To make matters worse, during the 2013 municipal election, Naheed Nenshi promised to back a redevelopment plan for one of Calgary's poorest neighbourhoods. To most people, redeveloping Forest Lawn sounds like a great idea. However, making Calgary even less affordable is one consequence of gentrifying too many low income neighbourhoods. At the end of the day, citizens who don't own homes need affordable places to live. Increasing property values in and around Forest Lawn will take away more options for low income residents. Public funding and councillor endorsements would make the prospect of such a redevelopment plan even more painful.

Condemning Affordable Housing

Naheed Nenshi expressed some anguish over the fact that the Calgary Drop-in And Rehab Centre didn't consult with council – or more importantly, with him – about turning an old hotel into an affordable housing complex. Nenshi also bemoaned the Drop-In Centre's preference to skip meeting with city and community officials in favour of going straight to permit.

Truthfully, city officials in Calgary have done nothing to ease housing costs in Calgary. With almost every professional blaming city policies for skyrocketing housing prices, the Drop-In Centre should be lauded for their leadership. Instead, their development plans were condemned by arrogant bureaucrats, including Alberta's Minister Of Municipal Affairs, who later pulled the Drop-In Centre's $5 million grant.  

Of course, few property owners want a low income, transitional housing complex in their neighbourhood. However, most homeowners don't want hotels in their backyards either. If we go back in time to when the hotel was a Quality Inn, we actually see the hotel as a haven for drugs, prostitution, and undesirable guests. Due to its affordability, the former hotel in question was nothing worth cherishing. When it went bankrupt, the Drop-In Centre purchased the hotel for $8,000,000. During Calgary's flood, the building was used to shelter 800 of the city's homeless.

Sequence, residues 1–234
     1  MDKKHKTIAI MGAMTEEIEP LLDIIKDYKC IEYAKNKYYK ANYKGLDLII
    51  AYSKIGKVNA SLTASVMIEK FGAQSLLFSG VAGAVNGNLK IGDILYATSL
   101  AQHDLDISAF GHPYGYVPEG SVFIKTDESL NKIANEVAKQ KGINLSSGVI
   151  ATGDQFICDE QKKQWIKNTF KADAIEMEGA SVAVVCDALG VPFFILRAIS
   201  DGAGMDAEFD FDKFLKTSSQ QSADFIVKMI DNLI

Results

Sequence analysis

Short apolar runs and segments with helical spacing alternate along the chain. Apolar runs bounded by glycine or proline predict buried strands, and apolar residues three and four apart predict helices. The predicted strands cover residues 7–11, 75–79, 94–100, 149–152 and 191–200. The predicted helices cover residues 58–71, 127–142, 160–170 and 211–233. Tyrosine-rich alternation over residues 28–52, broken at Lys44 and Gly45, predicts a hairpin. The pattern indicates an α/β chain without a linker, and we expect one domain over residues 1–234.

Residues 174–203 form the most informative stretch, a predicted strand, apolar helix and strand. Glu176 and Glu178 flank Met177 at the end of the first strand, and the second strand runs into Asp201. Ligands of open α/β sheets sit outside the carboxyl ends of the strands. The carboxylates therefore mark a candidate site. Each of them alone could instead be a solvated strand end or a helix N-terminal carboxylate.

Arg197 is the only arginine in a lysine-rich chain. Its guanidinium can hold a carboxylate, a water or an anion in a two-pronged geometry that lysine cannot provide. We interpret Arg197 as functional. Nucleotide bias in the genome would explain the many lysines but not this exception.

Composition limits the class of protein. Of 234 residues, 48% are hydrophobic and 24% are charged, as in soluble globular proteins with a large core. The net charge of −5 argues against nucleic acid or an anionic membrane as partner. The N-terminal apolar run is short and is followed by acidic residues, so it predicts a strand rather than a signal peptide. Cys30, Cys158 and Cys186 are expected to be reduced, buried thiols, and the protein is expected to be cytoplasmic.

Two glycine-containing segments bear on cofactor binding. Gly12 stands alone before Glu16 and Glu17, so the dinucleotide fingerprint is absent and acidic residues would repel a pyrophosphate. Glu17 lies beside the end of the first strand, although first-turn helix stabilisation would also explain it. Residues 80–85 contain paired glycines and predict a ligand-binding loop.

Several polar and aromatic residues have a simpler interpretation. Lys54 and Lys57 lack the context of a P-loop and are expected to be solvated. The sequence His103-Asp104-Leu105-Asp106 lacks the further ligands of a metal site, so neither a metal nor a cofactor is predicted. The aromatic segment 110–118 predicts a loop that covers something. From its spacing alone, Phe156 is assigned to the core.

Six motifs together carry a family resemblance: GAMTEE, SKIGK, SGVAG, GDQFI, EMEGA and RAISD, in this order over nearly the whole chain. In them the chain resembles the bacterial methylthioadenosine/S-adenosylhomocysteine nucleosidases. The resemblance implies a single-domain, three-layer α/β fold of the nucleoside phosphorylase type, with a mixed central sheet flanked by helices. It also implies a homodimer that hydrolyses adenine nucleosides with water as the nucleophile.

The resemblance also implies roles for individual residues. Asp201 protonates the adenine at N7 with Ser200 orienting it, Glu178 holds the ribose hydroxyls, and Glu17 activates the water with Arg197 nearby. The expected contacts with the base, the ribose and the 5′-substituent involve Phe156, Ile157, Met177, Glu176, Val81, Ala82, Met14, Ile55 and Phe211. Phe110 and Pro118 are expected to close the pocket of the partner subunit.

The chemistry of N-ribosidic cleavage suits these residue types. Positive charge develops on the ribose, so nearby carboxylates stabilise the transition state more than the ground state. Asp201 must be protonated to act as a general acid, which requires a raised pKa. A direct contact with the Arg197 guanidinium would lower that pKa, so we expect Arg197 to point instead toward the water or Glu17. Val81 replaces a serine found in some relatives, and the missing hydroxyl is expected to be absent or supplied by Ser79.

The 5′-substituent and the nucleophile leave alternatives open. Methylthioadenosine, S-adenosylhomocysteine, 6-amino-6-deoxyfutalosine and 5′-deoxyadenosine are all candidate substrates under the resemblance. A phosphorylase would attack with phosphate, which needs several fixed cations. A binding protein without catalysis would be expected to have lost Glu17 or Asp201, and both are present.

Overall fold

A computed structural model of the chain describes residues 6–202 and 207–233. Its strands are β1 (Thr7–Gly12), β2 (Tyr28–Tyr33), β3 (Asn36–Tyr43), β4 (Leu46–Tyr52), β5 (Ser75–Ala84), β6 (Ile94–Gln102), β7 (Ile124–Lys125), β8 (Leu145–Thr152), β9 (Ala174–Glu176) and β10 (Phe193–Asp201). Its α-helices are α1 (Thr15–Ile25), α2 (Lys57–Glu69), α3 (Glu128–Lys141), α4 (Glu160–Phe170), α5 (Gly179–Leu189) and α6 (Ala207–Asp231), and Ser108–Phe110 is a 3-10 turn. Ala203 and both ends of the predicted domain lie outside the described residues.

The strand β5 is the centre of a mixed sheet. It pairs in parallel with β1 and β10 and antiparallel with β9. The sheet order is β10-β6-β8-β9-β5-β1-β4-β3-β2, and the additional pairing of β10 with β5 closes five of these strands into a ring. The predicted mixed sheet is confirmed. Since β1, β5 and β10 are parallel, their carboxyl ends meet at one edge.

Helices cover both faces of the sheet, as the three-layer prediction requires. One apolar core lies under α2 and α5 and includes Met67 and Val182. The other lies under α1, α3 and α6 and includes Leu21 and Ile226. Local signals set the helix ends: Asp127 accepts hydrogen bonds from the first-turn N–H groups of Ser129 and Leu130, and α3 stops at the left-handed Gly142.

Today, amid mobile home evictions, extravagant public art spending, misguided gentrification plans and intentionally inflated housing prices, the city isn't willing to give up an old hotel to help hundreds of less fortunate residents get off their feet.

It's been made very clear that the hotel won't be turned into a homeless shelter, but rather a transitional housing complex intended to temporarily support residents. All of the residents will have to pay rent as they transition into a more sustainable, self sufficient lifestyle. Unlike safe injection sites and vending machines that dispense crack pipes, the Drop-In Centre's plan is valuable and genuinely progressive.

Naheed Nenshi and city councillors will try to convince Calgarians that they're defending the community and the concerns of those living near the old Quality Inn, but judging by what we've seen so far, it's clear how absent they've been when it comes to defending other communities. Either Nenshi and city officials are using blatant prejudice to select which communities to defend, or there is another, equally disdainful reason behind their resistance to the Drop-In Centre's plan.


Causing Crises

Calgary's intentions toward its less fortunate citizens have been made clear through its actions. Naheed Nenshi's bizarre war against homebuilders during the 2013 municipal election seems even more perplexing when we look at the mayor's recent position on affordable housing and mobile home parks. How can a city justify restricting suburban development while evicting low income residents and condemning transitional housing? Calgary's housing prices have surpassed Canada's national average, forcing the city's low income residents into a dangerous predicament. Calgary's policies don't stand up to any mathematical or economic logic whatsoever, but councillors like Gian-Carlo Carra continue to back policies that can only be described as asinine. What makes all of this even more disturbing is the inaction and lack of concern expressed by most Calgarians.

What happened to the generosity and community involvement we saw during the 2013 flood? Thousands of Calgarians were displaced, but thousands more showed up to help. Is the number of displaced residents not high enough this time? Do numbers really make that big of a difference when it comes to helping individuals during a crisis? After all, it's not an uncontrollable force of nature displacing Calgarians this time, it's the actions of city officials. 

It's time for Calgarians to get it together and start standing up to city officials in a big way. It's time to put down your remotes and do something meaningful.